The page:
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 October 25, 2011
UK Backs Marine Power in Renewable Subsidies Rejig

 A proposed reshuffle of renewable energy subsidy levels in the UK was the big news of the week. The so-called "banding review" of the Department of Energy and Climate Change scales back support for more mature renewable energy technologies such as onshore wind and hydro, while making it more generous for technologies like marine and offshore wind which hold significant promise for the sea-surrounded nation.

The largest increase in support is for power generated from wave and tidal technologies. No fewer than five Renewable Obligation Certificates are proposed to be issued for every MWh of electricity generated for projects of up to 30MW in size, against the current two certificates. Explaining the new plan, secretary of state for energy and climate change Chris Huhne said: "We're getting more renewable for less amount of money. It is more bang for the bill-payer's buck."

Since the proposals are the starting point of a consultation process, they are likely to be fiercely debated and negotiated over the next few months. A new law is to be finalised next year and the new rates would come into effect only in April 2013.

There was also a churning in UK's carbon capture and storage industry. Earlier during the week, Huhne announced the decision of the government to scrap funding for Iberdrola's GBP 2bn carbon capture project at Longannet in Scotland, citing its high cost. The UK government had pledged GBP 1bn in a contest to fund the first post-combustion carbon capture project. The funds will be allocated to other carbon capture plants selected through a more streamlined process, Huhne said.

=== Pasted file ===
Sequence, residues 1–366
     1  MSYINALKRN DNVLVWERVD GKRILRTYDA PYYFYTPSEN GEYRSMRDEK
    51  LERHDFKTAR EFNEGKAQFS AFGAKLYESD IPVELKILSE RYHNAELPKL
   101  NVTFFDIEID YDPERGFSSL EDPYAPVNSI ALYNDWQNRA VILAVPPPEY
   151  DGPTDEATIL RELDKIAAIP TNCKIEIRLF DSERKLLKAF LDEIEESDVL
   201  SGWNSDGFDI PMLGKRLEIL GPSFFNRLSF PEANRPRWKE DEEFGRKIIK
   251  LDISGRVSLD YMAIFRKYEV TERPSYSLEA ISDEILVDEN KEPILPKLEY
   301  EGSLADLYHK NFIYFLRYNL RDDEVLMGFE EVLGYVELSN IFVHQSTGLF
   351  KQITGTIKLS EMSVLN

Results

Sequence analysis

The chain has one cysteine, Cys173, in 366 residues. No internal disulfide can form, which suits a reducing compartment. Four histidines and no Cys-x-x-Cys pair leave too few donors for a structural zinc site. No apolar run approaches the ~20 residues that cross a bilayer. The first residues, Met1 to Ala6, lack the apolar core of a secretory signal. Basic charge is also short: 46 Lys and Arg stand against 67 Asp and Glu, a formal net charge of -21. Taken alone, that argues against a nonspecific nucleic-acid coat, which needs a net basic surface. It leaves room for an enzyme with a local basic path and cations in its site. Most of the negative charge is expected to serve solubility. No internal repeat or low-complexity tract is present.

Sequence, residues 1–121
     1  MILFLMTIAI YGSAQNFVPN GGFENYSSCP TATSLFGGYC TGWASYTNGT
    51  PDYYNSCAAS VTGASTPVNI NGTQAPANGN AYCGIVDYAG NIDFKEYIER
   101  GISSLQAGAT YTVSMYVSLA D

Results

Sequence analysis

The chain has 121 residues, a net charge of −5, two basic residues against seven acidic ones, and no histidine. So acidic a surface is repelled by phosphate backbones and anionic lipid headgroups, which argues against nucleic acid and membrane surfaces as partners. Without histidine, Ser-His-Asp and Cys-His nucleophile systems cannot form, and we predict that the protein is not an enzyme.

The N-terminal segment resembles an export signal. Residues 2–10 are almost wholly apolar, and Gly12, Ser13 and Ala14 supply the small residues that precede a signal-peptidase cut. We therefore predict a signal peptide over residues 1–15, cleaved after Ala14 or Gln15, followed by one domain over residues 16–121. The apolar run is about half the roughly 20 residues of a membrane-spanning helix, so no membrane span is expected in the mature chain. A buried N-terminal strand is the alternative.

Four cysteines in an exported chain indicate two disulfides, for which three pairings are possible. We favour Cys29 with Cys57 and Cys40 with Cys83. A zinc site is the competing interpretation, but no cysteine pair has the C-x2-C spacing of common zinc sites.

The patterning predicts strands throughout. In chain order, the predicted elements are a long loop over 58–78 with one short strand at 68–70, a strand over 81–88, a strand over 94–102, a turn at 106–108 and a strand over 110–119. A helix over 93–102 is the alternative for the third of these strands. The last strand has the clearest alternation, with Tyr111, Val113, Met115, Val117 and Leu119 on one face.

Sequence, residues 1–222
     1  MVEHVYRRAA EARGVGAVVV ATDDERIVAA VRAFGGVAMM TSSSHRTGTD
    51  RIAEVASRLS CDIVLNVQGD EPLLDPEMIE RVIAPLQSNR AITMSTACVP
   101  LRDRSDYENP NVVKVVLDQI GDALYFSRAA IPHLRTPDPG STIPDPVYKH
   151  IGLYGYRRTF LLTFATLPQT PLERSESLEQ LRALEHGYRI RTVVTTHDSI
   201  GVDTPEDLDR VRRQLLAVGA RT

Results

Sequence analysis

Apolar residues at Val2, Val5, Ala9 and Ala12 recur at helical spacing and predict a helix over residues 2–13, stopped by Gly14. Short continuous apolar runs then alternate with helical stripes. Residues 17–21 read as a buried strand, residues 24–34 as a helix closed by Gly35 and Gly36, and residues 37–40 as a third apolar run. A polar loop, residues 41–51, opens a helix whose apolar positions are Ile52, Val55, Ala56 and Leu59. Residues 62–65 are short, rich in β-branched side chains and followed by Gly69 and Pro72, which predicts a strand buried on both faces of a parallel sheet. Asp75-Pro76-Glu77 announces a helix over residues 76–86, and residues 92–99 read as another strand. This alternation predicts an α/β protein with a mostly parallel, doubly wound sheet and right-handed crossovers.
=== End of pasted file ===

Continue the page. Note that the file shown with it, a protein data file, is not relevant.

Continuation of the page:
Across the Atlantic, the state of California provided the headlines with its cap-and-trade rules for carbon emissions receiving a crucial nod from the Air Resources Board. The state plans to cut emissions by 15% by 2020. Large emitters would have to hold a permit for every tonne of carbon released, beginning 1 January 2013. Bloomberg New Energy Finance analysts expect allowance prices at USD 13 per tonne of carbon dioxide emitted in 2013, going up to USD 59 by 2020.

The European carbon market remained subdued last week, with allowances for Dec 2011 delivery ending Friday's session on London's ICE Futures Europe exchange at EUR 10.35 per tonne compared with EUR 10.41 at the close of the previous week's session. UN Certified Emission Reduction credits − which can partly be used in the EU Emissions Trading System for compliance − lost 4.4% during the week to close at EUR 6.95 per tonne for December 2011. This market has been oversupplied with new credits issued to emission-reduction projects approved by United Nations' Clean Development Mechanism.

Bloomberg New Energy Finance estimates that trading in global carbon markets will be worth EUR 94bn in 2011 − a 13% rise from 2010 but an 11% reduction from its forecast made in July 2011.

In Asia, China revealed that it is studying an environmental protection tax. The world's largest emitter of carbon has pledged to reduce carbon emissions per unit of gross domestic product by as much as 45% in 2020 from 2005 levels. The government will also support bond issues for companies undertaking environmental projects, and provide tax breaks, China's cabinet decided after a meeting last week.

China's two biggest makers of wind turbines − Sinovel and Xinjiang Goldwind − plan to offer a combined USD 1.6bn of bonds as soon as March, they said in stock exchange filings. This follows interest-rate increases which prompted banks to stop giving discounts on loans to the industry.